|Rick Stewart/Getty Images|
|David Garrard beat the Steelers twice last season, including once in the playoffs.|
Quarterback David Garrard and the Jacksonville Jaguars are closing in on a new contract that would be the richest in franchise history and could be finalized as early as this week.
The two sides have been working diligently toward an agreement since the end of the season. They met face to face in Indianapolis at the scouting combine last month, and have exchanged contract proposals this week.
Enough progress has been made to where Garrard is now poised to become the next quarterback to cash in with a new blockbuster contract. Enough already have.
Already this offseason, Pittsburgh signed quarterback Ben Roethlisberger to an eight-year, $102 million deal that included over $36 million in guaranteed money.
Cleveland signed restricted free-agent quarterback Derek Anderson to a three-year, $26 million contract that included $14.5 million in guaranteed money.
And just last summer, the St. Louis Rams signed quarterback Marc Bulger to a six-year, $65 million deal with $27 million guaranteed.
Just look at those deals and feel free to judge where Garrard’s should come in. It is what the Jaguars and Garrard have spent the past few months doing.
Romo, Bulger and Anderson each have gone to the Pro Bowl, whereas Garrard hasn’t. But Garrard has proven he is one of the better quarterbacks in the game. He is 30 years old, headed into the last year of his contract, and both sides want to consummate a deal.
Soon enough they will -– maybe this week, maybe next, but not too long from now. After proving his value last season, Garrard is expected to be rewarded for it this offseason.
Hall is scheduled to fly to Oakland and meet with Davis on Wednesday night in a heavy-duty pow-wow. Yet, they do have significant differences to bridge. The issues that were unresolved Monday still were unresolved Tuesday, and will have to be addressed Wednesday night.
Three people familiar with the situation said talks were progressing, and there was a “50-50” chance that the Raiders and Hall would be able to reach an agreement. With both sides wanting to get it done, it would be logical to assume it will.
Oakland is further along, and seemingly more determined to land Hall, but multiple people said the talks could go either way.
Taking a knee
Questions persist about LSU defensive tackle Glenn Dorsey's knee. A report on Jaguars.com this week said: "The risk with Dorsey is a mysterious knee injury. Dorsey hasn’t run for the scouts and there’s suspicion that he’s undergone knee surgery."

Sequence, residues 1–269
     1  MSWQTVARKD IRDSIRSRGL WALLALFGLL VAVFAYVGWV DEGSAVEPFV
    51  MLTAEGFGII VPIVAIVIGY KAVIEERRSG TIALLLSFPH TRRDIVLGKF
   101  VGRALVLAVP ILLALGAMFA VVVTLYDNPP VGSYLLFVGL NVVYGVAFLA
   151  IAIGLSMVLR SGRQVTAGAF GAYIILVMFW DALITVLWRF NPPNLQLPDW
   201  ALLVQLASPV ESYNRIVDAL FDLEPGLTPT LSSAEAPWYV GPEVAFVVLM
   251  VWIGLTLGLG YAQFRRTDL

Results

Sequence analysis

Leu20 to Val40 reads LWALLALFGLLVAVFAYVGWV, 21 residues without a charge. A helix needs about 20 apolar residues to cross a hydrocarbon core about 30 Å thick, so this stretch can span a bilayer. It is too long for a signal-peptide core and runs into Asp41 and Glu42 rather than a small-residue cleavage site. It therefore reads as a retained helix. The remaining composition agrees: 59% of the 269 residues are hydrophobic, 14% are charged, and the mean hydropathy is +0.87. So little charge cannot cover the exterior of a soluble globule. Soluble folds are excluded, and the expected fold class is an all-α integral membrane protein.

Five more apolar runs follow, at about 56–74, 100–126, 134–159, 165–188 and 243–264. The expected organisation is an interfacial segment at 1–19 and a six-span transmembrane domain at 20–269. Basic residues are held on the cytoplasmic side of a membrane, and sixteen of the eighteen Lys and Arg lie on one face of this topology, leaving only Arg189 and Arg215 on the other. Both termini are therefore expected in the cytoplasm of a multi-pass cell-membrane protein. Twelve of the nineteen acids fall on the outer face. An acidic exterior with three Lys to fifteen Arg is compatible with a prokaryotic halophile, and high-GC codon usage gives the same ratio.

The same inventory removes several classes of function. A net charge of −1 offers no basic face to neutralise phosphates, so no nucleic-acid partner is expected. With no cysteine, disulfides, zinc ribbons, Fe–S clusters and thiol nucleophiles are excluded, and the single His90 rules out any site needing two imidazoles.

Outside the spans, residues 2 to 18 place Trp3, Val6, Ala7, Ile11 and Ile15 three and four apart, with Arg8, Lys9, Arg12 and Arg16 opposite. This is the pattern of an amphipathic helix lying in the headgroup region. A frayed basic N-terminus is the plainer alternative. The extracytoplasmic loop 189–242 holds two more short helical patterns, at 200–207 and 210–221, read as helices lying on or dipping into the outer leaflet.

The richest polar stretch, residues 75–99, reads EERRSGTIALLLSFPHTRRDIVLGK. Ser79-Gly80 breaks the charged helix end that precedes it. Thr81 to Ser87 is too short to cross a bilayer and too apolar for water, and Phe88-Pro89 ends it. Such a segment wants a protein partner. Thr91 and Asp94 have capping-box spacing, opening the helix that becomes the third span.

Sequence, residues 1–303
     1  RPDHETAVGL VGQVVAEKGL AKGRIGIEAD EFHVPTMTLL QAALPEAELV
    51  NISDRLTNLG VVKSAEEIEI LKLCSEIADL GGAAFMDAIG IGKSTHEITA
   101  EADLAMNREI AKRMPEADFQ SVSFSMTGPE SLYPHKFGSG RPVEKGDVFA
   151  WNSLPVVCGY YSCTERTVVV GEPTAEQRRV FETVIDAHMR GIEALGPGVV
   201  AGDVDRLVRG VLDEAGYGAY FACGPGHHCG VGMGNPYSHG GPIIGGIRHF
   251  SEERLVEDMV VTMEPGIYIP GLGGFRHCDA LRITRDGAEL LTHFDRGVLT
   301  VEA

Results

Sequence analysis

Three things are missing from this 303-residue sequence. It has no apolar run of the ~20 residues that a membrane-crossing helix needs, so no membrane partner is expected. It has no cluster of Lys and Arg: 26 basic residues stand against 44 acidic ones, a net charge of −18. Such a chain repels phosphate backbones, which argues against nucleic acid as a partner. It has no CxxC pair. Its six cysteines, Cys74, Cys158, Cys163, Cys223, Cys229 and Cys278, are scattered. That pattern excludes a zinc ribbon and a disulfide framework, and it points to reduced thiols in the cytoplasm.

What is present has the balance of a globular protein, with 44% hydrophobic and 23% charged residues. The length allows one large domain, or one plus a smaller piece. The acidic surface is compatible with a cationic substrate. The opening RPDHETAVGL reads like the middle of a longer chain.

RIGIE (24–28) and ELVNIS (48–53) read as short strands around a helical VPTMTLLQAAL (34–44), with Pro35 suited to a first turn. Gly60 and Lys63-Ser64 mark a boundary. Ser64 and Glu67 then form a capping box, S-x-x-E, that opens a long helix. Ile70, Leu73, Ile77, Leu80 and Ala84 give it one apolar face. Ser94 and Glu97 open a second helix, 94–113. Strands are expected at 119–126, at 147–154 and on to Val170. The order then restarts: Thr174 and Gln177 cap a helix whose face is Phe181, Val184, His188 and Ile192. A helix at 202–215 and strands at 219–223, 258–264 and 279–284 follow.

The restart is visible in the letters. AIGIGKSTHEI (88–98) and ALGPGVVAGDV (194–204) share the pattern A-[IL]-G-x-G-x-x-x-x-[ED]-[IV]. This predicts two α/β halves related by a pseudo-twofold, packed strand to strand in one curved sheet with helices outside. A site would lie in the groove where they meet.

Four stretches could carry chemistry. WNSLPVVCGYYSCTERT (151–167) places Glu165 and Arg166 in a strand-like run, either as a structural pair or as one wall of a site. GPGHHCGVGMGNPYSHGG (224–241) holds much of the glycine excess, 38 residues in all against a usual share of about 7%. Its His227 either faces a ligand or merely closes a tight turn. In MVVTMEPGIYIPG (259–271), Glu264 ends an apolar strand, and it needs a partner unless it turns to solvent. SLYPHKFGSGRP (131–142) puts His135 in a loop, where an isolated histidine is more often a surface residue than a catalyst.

Yet, two sources confirmed Tuesday that Dorsey has not had knee surgery, which is consistent with what the defensive tackle told people at the scouting combine in Indianapolis.
Others have witnessed Dorsey running and training for his March 26 Pro Day at LSU, no signs of a knee injury. Questions might persist until he runs that day, but Dorsey intends to show NFL coaches and scouts that his knee is fine.
To prove his stock has not taken too much of a hit, the two teams that have shown the most interest in arranging private visits and workouts with Dorsey are the St. Louis Rams, who are scheduled to pick second overall, and the Falcons, who are scheduled to pick third.
Many consider Dorsey to be a surefire top-5 pick.
What Brown can do for you
Houston should be banned from drafting University of Tennessee tight end Chris Brown. It would be unfair.
The Texans already have former Titans running back Chris Brown, as well as kicker Kris Brown. To add one more Chris Brown would be lethal for announcers, sportswriters, fans and the organization itself.
It hasn't happened yet, but Chris Brown the Tennessee tight end should be taken off the Texans draft board. Immediately.
When Pittsburgh reached agreement with free-agent center Justin Hartwig on a two-year, $4 million deal that included a $975,000 signing bonus, it represented a landmark for agent Drew Rosenhaus and his company Rosenhaus Sports.
This offseason, Rosenhaus Sports now has negotiated more than $440 million worth of contracts.